Citizens in Chattanooga, Tennessee, have access to one-gigabit-per-second Internet—that’s 100 times the U.S. national average, and fast enough to download a two-hour movie in about five seconds. The only question is: what to do with it?
The city is hoping a contest with $300,000 in prize money will help answer that question. Entrants are invited to come up with clever ways of making use of the city’s blisteringly fast Internet, which was installed in late 2010 with a $111 million U.S. Department of Energy grant, as part of federal stimulus efforts that also built out the city utility’s long-planned smart grid.
Some early entries include health-care applications, such as transferring larger files like CT scans in real-time so that specialists can serve a larger area. Ideas contributed by students include a platform for high-definition video debates, and international collaborations with students in Sri Lanka, London, Jamaica, and elsewhere.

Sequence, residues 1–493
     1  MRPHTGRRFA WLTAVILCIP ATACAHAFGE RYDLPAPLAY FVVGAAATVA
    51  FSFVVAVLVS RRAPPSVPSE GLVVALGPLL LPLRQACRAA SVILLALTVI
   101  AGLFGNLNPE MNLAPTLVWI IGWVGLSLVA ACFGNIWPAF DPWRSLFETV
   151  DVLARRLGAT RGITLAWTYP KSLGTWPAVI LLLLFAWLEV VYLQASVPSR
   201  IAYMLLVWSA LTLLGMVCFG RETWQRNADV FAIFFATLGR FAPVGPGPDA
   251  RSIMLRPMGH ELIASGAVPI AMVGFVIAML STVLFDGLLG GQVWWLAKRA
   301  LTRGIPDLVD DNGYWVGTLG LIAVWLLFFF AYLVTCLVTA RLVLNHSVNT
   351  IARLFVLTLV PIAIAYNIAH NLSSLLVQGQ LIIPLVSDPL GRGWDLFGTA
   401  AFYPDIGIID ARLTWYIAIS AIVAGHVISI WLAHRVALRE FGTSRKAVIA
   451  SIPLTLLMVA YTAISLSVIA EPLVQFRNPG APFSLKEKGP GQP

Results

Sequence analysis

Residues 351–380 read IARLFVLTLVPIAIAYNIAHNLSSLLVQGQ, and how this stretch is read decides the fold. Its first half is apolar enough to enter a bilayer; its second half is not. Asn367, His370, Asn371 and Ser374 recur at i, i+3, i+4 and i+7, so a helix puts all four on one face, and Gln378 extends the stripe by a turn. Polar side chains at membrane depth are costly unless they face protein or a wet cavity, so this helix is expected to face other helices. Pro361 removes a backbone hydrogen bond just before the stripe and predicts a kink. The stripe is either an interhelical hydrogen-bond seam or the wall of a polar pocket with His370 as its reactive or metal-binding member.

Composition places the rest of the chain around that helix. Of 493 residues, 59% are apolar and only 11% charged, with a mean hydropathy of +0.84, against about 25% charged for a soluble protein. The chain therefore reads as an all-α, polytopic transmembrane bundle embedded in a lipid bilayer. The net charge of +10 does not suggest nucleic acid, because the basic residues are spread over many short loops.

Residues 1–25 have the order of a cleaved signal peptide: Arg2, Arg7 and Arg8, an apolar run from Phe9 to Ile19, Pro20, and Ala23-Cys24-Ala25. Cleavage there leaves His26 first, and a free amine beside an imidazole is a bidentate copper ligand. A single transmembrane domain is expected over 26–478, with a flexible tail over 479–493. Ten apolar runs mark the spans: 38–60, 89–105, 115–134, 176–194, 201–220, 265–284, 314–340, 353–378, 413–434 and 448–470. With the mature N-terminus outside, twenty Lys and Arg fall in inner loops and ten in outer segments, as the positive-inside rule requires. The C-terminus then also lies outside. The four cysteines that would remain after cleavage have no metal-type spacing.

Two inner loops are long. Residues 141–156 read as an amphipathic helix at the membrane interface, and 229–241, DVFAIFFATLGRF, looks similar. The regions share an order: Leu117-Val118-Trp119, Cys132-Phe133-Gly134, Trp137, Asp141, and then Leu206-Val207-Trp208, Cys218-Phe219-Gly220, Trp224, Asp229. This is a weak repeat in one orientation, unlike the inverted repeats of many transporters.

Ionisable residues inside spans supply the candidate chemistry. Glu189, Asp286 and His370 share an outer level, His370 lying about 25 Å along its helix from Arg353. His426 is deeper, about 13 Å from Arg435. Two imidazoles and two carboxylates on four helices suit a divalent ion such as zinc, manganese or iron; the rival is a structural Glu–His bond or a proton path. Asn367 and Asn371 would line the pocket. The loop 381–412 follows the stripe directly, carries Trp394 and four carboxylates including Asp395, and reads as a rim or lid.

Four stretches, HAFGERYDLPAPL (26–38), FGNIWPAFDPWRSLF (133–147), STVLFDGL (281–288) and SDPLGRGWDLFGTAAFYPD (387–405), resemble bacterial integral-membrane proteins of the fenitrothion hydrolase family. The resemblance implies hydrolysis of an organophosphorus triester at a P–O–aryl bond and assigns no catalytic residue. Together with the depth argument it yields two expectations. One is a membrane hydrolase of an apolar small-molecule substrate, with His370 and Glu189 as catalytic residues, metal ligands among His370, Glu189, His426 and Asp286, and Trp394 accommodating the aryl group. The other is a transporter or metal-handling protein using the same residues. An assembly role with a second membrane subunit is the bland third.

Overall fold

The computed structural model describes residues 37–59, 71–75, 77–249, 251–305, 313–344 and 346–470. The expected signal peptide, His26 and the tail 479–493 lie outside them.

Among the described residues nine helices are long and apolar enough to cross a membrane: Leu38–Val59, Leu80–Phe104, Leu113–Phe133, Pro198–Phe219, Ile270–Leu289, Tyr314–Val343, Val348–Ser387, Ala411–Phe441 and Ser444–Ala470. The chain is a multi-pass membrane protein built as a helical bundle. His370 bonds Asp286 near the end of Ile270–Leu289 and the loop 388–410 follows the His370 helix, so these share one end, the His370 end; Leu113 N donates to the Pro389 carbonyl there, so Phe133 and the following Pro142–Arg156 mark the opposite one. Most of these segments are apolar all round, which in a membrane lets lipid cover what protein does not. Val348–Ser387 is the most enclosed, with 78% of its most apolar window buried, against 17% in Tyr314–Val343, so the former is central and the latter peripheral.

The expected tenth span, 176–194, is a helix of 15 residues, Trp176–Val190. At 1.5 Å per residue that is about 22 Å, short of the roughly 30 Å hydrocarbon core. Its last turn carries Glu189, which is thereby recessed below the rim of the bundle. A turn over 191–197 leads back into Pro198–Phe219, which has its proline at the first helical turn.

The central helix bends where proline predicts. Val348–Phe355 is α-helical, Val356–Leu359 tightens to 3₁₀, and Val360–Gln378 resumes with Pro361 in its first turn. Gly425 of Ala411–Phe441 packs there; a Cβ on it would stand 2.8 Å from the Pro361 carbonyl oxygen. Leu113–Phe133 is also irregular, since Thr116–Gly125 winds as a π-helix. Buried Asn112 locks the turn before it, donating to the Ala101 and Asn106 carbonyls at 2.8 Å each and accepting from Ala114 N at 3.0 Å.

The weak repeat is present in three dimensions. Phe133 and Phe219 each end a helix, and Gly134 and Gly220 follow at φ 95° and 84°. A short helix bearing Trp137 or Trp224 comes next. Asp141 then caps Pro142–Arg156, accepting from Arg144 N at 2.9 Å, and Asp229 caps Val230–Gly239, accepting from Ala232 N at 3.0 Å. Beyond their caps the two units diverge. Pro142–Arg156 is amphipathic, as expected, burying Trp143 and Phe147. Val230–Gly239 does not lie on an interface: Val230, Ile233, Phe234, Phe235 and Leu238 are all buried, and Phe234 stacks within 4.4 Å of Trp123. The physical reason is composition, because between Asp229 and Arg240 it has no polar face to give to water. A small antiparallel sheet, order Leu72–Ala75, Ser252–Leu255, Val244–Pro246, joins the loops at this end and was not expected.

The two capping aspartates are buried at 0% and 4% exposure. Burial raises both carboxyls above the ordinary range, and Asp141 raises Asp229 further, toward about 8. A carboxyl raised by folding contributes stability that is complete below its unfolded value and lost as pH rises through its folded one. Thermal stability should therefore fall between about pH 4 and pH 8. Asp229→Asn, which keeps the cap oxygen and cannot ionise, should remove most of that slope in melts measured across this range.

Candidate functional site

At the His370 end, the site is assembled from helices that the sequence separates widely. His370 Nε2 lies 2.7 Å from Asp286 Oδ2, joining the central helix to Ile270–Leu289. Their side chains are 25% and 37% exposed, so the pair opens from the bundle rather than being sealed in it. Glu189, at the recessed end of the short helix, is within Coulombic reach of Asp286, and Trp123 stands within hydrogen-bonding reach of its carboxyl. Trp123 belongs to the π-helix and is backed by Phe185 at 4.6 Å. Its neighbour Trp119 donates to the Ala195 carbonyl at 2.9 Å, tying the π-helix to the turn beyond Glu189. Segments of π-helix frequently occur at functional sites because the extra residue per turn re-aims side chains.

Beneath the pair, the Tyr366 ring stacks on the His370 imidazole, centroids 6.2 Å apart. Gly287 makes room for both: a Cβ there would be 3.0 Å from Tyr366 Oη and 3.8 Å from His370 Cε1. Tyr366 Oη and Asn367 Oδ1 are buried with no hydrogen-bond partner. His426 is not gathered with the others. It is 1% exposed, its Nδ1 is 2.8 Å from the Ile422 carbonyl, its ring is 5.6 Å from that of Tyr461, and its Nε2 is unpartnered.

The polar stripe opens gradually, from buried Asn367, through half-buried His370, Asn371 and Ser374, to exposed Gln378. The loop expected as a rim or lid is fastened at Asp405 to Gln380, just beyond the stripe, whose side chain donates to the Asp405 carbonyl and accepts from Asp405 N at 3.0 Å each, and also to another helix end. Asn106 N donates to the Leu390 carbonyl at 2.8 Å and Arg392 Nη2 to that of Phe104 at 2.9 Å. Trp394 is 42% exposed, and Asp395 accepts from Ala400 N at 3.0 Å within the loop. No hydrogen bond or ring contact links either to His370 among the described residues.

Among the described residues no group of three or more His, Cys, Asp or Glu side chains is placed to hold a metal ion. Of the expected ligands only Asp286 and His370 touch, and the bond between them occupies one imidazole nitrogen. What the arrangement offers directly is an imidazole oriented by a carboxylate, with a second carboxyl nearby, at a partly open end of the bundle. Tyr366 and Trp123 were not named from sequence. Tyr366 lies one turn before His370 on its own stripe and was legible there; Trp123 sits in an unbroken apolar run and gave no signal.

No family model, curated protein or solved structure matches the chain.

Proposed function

But even if some great ideas come out of the contest, the fact remains that most people in the U.S. still have access to only relatively slow Internet connections. Late last year, the United States ranked 25th in the world for average available Internet speed. By the end of this year, South Korea, a world leader in Internet speed, will provide one-gigabit service nationwide for about $27 a month.
Furthermore, where superfast Internet is available in the U.S., it is typically prohibitively expensive. The Chattanooga service has been available for more than a year to 150,000 residential and commercial customers for $350 per month, but it has so far found only eight residential subscribers and 18 commercial ones.
Even so, in Tennessee they are optimistic that the contest will bring rewards. “Eventually, these fatter pipes will get filled with bandwidth-eating applications,” says Jack Studer, partner at the Lamp Post Group, a VC firm in Chattanooga that, along with companies including Alcatel, Cisco, and IBM, is sponsoring the contests.
“What we are trying to do is inject some capital into innovation, with the goal of driving demand for higher-bandwidth networks and jump-start adoption across the country and world,” Studer says. “We plan to do this for multiple years—in the second and third year, we may see a revolutionary jump to things we may not be thinking about now.”